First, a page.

Former NBPA treasurer Pat Garrity had planned to challenge Billy Hunter on business practices during the weekend of the 2009 All-Star Game in Phoenix.

Garrity had warned several players and also Hunter of his intentions and several players avoided the scene.

Hunter had sought a $7 million to $9 million investment from the union into Interstate Net Bank of Cherry Hill, N.J., a financial institution that federal and state banking regulators had slapped with debilitating "cease-and-desist" orders, sources said.

Garrity had discovered that Hunter's son, Todd Hunter, was on the board of directors of Interstate Net Bank.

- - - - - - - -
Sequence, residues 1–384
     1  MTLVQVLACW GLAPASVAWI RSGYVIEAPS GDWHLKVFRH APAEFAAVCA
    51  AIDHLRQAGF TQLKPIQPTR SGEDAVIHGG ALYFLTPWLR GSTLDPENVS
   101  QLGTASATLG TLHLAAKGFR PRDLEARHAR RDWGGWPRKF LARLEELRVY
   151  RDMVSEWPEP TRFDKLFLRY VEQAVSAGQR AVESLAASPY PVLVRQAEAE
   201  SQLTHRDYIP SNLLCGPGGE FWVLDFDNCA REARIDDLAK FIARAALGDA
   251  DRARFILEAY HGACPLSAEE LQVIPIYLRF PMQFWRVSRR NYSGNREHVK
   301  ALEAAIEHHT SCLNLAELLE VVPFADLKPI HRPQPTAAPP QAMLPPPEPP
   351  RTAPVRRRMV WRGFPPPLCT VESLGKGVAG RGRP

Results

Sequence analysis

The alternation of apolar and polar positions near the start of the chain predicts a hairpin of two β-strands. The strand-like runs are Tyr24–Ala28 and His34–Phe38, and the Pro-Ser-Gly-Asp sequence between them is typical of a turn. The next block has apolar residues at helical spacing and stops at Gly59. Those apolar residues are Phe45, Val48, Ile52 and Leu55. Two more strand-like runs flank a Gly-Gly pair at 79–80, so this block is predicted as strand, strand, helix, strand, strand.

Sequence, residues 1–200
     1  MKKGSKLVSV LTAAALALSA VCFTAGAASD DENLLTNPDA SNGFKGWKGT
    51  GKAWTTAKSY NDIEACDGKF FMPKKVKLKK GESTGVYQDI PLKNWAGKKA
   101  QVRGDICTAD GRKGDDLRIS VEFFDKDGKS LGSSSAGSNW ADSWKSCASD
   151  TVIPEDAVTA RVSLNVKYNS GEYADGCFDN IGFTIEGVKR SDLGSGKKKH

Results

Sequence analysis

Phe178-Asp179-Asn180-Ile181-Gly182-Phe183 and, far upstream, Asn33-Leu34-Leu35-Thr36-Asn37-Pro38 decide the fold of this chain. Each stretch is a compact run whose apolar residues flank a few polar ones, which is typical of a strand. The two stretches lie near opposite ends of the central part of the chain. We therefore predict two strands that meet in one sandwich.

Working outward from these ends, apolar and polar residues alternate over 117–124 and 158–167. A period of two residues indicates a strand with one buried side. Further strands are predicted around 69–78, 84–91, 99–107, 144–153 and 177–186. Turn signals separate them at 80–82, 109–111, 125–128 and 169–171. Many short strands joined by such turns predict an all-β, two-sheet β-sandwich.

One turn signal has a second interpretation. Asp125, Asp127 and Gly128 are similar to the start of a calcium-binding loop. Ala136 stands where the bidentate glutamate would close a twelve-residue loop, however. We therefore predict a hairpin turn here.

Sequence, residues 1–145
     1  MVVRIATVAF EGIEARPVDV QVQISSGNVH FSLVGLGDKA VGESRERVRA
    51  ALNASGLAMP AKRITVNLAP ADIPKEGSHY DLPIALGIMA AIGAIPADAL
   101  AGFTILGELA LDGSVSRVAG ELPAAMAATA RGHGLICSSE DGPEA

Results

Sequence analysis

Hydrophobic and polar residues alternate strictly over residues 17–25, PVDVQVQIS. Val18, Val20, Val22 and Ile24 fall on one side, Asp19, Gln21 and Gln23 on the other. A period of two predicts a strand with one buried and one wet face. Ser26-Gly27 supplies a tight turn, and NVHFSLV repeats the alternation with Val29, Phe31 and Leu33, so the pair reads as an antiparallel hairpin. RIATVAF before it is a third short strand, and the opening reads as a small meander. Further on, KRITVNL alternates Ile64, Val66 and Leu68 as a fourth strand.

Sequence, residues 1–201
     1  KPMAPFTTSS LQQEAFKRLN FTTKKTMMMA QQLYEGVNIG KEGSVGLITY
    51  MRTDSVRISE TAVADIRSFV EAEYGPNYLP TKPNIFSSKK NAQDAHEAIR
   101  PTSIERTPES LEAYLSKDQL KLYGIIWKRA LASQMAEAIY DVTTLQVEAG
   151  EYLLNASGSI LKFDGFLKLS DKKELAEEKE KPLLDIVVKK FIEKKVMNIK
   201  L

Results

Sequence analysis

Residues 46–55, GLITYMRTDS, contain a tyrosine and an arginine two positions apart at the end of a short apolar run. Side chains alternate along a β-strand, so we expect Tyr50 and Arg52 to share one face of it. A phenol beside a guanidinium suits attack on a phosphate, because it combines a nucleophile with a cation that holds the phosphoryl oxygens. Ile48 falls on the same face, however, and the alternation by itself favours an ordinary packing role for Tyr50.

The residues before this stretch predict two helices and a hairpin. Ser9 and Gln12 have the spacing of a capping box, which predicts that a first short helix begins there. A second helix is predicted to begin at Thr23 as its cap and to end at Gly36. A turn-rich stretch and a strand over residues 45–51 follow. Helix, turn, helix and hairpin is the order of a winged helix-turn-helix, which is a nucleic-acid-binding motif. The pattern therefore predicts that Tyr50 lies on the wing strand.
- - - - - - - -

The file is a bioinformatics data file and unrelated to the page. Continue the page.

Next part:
Todd Hunter is also a vice president for Prim Capital, a company that has a consulting contract with the NBPA. Prim Capital has been paid in excess of $2.5 million since 2006.

"Why didn't you disclose any of this?" Garrity asked Hunter several times at the 2009 meeting, witnesses told Yahoo! Sports.

Garrity confirmed the description of events.

Hunter declined comment to Yahoo! through a union spokesman.

The potential conflicts of interest go beyond what Garrity discovered.

Prim Capital controlled 200,000 shares of ISN Bank stock, according to a 2010 ISN Bank letter to stockholders. In addition to Todd Hunter, another Prim employee, executive Carolyn Kaufman, joined the bank's board of directors of ISN in 2004 and was paid $97,000 and $90,000 in consecutive years, according to a KPMG audit of ISN Bank in January 2008 that Yahoo! Sports obtained.